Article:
Nobbin village is best known for the megalithic tomb known as the Riesenberg. The tomb was constructed of glacial erratic boulders and dates back to the New Stone Age in Rügen. It is one of the largest stone graves in North Germany and lies just a few metres from the steep coast on the bay of Tromper Wiek, immediately by the cliff top path.
The trapezoidal enclosure, which originally had 53 large boundary stones, is 34 metres long and 8 to 11 metres wide (39 stones have survived). In the north-east were two transverse dolmens, of which only one is well preserved. It is 1.4 metres high, 1.8 metres long and 1.1 metres wide. On the southwest side two guardian stones in front of the enclosure rise to a height of over 3 metres, otherwise they are typical, especially of Scandinavian dolmens, but also similar in dimensions to the Dolmens of Dwasieden and those in Dummertevitz on Rügen. The presence of guardian stones is rare in Germany, but is explained by the proximity of the site to the Danish islands.
During excavations in 1970 by Ewald Schuldt, Neolithic finds were made: three crosscutting arrowheads, a sword, some broken vessels and a few bone fragments (including two skulls). In the northern grave chamber were the remains of an urn burial from the 5th century BC. Between the guardian stones were shards of pottery from the Slavic era Rani tribe and an Arabic silver coin from the 9th century, amongst other things.References:
The Cloth Hall in Kraków dates to the Renaissance and is one of the city's most recognizable icons. It is the central feature of the main market square in the Kraków Old Town (listed as a UNESCO World Heritage Site since 1978).
The hall was once a major centre of international trade. Traveling merchants met there to discuss business and to barter. During its golden age in the 15th century, the hall was the source of a variety of exotic imports from the east – spices, silk, leather and wax – while Kraków itself exported textiles, lead, and salt from the Wieliczka Salt Mine.
Kraków was Poland's capital city and was among the largest cities in Europe already from before the time of the Renaissance. However, its decline started with the move of the capital to Warsaw in the very end of the 16th century. The city's decline was hastened by wars and politics leading to the Partitions of Poland at the end of the 18th century. By the time of the architectural restoration proposed for the cloth hall in 1870 under Austrian rule, much of the historic city center was decrepit. A change in political and economic fortunes for the Kingdom of Galicia and Lodomeria ushered in a revival due to newly established Legislative Assembly or Sejm of the Land. The successful renovation of the Cloth Hall, based on design by Tomasz Pryliński and supervised by Mayor Mikołaj Zyblikiewicz, Sejm Marshal, was one of the most notable achievements of this period.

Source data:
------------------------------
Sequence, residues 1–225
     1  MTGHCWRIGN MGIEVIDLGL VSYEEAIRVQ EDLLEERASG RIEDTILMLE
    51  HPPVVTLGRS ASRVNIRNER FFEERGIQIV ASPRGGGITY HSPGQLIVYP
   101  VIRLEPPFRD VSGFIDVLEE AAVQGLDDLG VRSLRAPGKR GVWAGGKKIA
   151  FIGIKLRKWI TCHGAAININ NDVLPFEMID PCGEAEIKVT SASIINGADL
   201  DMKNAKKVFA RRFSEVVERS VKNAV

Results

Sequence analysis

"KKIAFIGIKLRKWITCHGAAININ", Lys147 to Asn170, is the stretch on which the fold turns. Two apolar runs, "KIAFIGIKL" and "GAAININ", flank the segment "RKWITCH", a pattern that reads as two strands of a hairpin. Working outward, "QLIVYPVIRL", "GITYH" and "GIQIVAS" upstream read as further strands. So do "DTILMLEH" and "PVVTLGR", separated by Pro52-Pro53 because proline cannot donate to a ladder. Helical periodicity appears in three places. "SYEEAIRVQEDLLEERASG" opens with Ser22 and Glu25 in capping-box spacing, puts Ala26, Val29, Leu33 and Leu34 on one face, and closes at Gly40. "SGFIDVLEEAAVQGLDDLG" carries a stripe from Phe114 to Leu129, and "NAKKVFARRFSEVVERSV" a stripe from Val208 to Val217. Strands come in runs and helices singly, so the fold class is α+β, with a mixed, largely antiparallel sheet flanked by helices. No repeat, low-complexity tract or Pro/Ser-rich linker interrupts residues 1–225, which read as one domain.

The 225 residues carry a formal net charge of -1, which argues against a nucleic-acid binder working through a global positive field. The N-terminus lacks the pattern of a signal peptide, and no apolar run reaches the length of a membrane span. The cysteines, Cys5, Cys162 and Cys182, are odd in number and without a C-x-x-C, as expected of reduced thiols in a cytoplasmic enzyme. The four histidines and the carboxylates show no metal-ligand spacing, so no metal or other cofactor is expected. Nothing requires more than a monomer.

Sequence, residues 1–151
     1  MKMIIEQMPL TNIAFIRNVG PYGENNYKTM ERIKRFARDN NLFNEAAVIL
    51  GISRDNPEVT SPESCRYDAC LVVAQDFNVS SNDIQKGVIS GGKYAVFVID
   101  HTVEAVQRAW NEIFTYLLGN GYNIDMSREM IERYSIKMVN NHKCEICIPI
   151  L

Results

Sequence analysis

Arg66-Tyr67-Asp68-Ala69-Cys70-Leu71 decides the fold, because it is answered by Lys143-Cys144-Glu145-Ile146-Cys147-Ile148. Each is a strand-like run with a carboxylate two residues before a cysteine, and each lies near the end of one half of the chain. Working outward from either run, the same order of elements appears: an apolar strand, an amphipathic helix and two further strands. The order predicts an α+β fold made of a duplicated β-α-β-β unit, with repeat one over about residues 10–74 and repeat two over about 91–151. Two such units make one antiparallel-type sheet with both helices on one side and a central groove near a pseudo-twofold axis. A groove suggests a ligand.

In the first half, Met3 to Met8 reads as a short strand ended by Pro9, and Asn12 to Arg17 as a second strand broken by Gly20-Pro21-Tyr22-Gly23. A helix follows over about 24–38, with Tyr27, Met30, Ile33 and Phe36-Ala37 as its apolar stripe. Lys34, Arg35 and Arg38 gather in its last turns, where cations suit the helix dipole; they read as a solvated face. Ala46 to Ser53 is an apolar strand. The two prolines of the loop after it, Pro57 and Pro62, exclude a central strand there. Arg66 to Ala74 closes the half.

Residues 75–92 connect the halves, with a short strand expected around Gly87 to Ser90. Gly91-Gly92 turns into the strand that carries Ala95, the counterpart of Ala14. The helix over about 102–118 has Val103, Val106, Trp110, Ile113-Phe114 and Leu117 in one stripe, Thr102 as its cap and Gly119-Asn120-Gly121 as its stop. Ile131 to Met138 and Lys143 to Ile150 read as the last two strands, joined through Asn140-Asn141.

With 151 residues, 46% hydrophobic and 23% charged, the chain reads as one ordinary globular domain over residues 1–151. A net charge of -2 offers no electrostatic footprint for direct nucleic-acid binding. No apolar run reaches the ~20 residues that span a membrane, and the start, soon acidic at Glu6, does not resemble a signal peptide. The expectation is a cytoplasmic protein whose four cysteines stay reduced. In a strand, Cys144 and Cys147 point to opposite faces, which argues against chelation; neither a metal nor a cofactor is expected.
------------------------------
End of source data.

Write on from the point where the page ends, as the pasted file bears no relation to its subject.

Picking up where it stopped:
The hall has hosted many distinguished guests over the centuries and is still used to entertain monarchs and dignitaries, such as Charles, Prince of Wales and Emperor Akihito of Japan, who was welcomed here in 2002. In the past, balls were held here, most notably after Prince Józef Poniatowski had briefly liberated the city from the Austrians in 1809. Aside from its history and cultural value, the hall still is still used as a center of commerce.
On the upper floor of the hall is the Sukiennice Museum division of the National Museum, Kraków. It holds the largest permanent exhibit of the 19th-century Polish painting and sculpture, in four grand exhibition halls arranged by historical period and the theme extending into an entire artistic epoch. The museum was upgraded in 2010 with new technical equipment, storerooms, service spaces as well as improved thematic layout for the display.
The Gallery of 19th-Century Polish Art was a major cultural venue from the moment it opened on October 7, 1879. It features late Baroque, Rococo, and Classicist 18th-century portraits and battle scenes by Polish and foreign pre-Romantics.